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A chalk talk with Joni Mitchell Print-ready version

by Divina Infusino
San Diego Union Tribune
April 3, 1988
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A limo drives into a backstage area of yellow tile and fluorescent lights. The car pulls up at the back of a red velvet stage curtain and Joni Mitchell, disheveled in a plaid shirt and jeans, is hoisted from the back seat into a wheelchair.

The wheelchair moves up a ramp, bursts through the curtains and rushes down an incline. The chair stops eventually, but Mitchell goes flying and lands, disoriented, on the stage. The audience, powdered and wigged members of Marie Antoinette's court, laugh at her.

This dream was a premonition of a dramatic real-life experience for Joni Mitchell. Sitting in Geffen Records' offices recently, chatting late into the evening, Mitchell veers from talk about her new album, "Chalk Mark in a Rainstorm," to how her dream and the event it portended sum up her career as a pop musician.

"I did a benefit in Toronto for the Cree Indians. I went on stage and did my set, but it was a restless audience. I never fare well at these group benefit things. I'm never loud enough to overcome the audience's talking. I came off the stage with a slightly defeated feeling, like I hadn't done my best.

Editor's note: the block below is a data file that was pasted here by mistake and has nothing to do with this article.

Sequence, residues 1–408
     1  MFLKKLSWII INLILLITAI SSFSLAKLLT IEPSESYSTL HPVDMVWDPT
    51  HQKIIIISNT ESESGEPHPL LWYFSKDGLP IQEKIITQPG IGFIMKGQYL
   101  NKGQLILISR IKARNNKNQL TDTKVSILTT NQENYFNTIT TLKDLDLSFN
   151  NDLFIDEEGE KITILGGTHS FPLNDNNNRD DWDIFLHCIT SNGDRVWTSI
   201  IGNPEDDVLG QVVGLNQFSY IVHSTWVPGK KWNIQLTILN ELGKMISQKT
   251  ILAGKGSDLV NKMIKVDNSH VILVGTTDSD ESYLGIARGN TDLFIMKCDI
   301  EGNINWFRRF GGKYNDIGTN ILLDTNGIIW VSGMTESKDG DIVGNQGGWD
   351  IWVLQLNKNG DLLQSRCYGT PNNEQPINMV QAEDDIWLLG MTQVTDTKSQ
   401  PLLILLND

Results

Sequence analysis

"I went into the dressing room, and there was a red-in-the-face angry French girl, being restrained by a man, her arms behind her back. Suddenly, she burst loose from the man and charged toward me, screaming, 'The English whore. The English whore.' Seconds later, an Indian boy walked up to me and said, 'On behalf of my people, we thank you for coming. We think you are a saint.'

"And I thought to myself, isn't this strange, these two extreme reactions at the same moment.

"And then I remembered that we had come down an entrance of yellow tile and fluorescent lights. And the limo had pulled up at the back of the red velvet curtained stage, which is very unusual. And it was a French audience.

"The dream seemed to be forewarning me to notice this moment, the culmination of being damned and sainted at the same time. You would think that this would be enough of a life lesson that every compliment and every insult would roll off your back from that day on."

Was it?

"No," Mitchell says, breaking into a laugh. "the whole thing was entirely wasted on me."

"My 'karma,'" as Mitchell puts it, "is to really experience something to the fullest. Everything comes to me in a rash."

Between 1968 and 1974, Mitchell experienced her rash of success. With acclaimed albums like "Blue," and her big seller, "Court and Spark," she triumphed as queen of the folk divas and confessional singer-songwriters.